Wednesday, November 14, 2012

Brothers Built for Adversity

Van played our rivals last week for the district championship.  On the morning of the game Layton woke up, throwing up.  The rest of my kids and my wife had the same bug earlier in the week and we were hoping Layton and Colt were going to avoid this virus.  Despite all of our precautions he was sick on Friday morning.  Layton tried to keep us from finding out and he went to school only to have the trainer call us an hour later saying we needed to come get him.   He lay in bed with a bucket by his side all day and when it was time to go to the fieldhouse he was still not himself, but he was determined to play.  My only advice to Layton was if you decide to play, decide to play as if you were 100% hold nothing back.  You know Layton did exactly that.  He played hard and ended up with an interception in the fourth quarter to seal the deal.

I couldn’t have been more proud of my son!  Not because he made an interception but because he played and because he played without moaning or complaining.  He denied himself and put his teammates ahead of his own needs, rose up, and met the challenge not for his own glory but for a bigger purpose.  To me, this encapsulates the essence of being a Godly man.   Godly men need to be willing to lay down their lives in small and big ways for the love of their fellow man.  They need to be ready to deny their flesh when their flesh is screaming “take care of me!”  Godly men are those who do what is needed and what is right regardless of circumstances.  They trust God to give them the strength needed to get the job done even when they feel weak and incapable.  While this game might be a small matter in the whole of a person’s life, Layton laid a few more stones in the foundation of Kingdom greatness by following our King’s example of laying down his life for his brothers.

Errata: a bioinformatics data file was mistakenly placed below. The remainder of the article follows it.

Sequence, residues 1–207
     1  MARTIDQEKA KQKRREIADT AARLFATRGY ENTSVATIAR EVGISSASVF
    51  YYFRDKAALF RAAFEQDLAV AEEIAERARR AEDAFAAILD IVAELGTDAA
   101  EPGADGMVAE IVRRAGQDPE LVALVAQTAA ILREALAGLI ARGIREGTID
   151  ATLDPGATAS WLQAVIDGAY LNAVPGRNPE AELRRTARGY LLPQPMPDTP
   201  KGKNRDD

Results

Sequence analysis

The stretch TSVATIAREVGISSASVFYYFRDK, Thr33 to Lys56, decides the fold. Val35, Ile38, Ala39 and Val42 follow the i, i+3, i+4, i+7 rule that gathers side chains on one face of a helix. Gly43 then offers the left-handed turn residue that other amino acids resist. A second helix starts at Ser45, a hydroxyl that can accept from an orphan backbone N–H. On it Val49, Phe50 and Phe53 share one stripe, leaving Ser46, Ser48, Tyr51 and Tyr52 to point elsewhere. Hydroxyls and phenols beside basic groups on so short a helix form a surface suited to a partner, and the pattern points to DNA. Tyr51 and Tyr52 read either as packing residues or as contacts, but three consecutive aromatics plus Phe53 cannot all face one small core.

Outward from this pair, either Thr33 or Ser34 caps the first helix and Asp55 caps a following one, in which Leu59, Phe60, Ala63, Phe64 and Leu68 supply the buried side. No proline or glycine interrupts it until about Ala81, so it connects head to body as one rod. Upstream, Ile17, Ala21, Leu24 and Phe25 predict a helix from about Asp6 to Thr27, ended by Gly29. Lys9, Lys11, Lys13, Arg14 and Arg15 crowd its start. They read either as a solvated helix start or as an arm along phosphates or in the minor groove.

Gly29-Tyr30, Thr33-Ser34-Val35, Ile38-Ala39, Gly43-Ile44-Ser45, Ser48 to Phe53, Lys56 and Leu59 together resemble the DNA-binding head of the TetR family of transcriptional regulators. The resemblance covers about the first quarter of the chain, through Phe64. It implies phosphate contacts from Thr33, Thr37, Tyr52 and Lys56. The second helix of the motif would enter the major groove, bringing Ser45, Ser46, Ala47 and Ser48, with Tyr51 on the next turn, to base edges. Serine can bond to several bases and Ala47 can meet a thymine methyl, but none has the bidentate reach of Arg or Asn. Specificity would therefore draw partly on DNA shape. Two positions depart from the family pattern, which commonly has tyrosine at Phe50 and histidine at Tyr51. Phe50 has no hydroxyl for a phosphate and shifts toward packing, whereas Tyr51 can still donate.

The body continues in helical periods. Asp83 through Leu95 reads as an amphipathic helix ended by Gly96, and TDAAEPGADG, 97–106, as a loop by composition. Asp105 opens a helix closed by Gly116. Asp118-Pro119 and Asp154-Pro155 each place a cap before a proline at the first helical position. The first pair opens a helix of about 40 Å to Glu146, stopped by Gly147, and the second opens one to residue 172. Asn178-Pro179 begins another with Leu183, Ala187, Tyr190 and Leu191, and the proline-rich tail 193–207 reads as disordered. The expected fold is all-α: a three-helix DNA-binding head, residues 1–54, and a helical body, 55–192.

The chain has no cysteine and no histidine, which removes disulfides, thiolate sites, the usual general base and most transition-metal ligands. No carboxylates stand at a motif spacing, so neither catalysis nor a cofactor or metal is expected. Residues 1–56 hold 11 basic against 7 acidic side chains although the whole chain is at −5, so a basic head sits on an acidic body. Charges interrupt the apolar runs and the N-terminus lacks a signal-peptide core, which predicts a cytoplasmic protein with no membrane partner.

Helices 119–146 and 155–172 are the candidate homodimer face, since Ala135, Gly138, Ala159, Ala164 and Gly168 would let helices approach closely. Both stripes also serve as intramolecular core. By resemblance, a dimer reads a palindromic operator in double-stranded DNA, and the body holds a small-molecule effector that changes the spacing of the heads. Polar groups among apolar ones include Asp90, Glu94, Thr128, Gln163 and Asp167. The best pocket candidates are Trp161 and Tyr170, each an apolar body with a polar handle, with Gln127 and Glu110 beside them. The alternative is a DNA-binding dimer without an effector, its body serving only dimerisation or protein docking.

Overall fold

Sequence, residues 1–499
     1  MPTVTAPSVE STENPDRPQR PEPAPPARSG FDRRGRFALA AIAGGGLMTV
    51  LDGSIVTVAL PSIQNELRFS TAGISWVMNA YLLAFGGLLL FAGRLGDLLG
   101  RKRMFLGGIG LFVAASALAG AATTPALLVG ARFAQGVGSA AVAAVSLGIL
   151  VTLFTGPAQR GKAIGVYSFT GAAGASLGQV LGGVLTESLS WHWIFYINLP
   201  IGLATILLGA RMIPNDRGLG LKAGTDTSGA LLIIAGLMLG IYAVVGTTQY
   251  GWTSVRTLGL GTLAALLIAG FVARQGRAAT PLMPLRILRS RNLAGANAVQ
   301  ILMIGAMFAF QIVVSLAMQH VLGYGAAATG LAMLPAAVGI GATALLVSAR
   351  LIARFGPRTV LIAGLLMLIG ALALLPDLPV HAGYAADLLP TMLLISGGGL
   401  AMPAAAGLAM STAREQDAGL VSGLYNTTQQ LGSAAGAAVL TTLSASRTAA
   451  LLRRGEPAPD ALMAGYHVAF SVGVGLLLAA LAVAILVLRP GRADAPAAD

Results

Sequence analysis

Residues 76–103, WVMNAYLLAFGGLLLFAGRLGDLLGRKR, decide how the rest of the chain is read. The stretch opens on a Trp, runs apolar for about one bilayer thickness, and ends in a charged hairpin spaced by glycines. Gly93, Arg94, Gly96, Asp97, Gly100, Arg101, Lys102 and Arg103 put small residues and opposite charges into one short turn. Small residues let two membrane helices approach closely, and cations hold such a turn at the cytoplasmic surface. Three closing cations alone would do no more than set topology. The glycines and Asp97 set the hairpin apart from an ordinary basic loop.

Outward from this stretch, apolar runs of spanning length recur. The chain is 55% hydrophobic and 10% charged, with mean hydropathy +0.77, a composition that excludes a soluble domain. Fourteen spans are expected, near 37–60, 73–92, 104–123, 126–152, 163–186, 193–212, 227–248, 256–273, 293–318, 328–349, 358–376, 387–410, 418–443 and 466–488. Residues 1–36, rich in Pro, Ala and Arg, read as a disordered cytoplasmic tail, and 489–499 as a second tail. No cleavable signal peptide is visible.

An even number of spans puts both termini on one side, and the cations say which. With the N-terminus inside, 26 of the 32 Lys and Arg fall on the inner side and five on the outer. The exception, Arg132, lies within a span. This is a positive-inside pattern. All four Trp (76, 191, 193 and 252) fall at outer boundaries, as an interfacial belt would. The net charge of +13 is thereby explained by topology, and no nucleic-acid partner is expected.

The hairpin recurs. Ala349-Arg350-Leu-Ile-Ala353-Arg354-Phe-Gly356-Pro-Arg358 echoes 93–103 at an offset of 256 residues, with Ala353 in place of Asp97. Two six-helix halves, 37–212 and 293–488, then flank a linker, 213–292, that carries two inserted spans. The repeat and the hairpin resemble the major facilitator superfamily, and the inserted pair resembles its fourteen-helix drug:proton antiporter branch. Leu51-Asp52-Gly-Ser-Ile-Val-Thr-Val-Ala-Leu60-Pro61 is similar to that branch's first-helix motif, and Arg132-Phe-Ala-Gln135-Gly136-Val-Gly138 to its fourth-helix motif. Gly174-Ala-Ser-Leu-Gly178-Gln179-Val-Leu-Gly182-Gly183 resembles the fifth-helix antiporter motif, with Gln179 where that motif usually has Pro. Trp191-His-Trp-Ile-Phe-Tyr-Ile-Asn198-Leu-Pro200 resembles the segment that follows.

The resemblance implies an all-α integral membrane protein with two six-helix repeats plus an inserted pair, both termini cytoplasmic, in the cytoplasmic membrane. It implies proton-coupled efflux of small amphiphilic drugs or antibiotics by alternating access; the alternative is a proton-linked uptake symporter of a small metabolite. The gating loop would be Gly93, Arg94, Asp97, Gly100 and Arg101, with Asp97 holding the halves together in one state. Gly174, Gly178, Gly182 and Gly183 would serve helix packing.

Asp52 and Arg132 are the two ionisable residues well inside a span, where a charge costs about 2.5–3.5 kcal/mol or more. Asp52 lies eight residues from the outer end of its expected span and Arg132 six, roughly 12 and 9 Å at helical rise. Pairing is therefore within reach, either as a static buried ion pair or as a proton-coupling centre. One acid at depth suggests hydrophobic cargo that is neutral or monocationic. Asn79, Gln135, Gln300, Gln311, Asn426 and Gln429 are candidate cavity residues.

Sign up for Champions Rodeo Camps

Wednesday, October 31, 2012


This morning I took a moment to look back.  I don’t do that very often but for some reason I just began to think of all of the amazing things God has allowed me to be a part of and I was a bit overcome.  I have been to Australia twice, I have been to Africa, I have won a lot of stuff, and I have seen great sights and made friends all over the world.  I have been truly blessed.  I am blessed.   The interesting thing is that the blessing was never the things I have done, the places I have been, or the stuff I have won.  The blessing has always been the PEOPLE  God has brought into my life while I was winning, going and doing.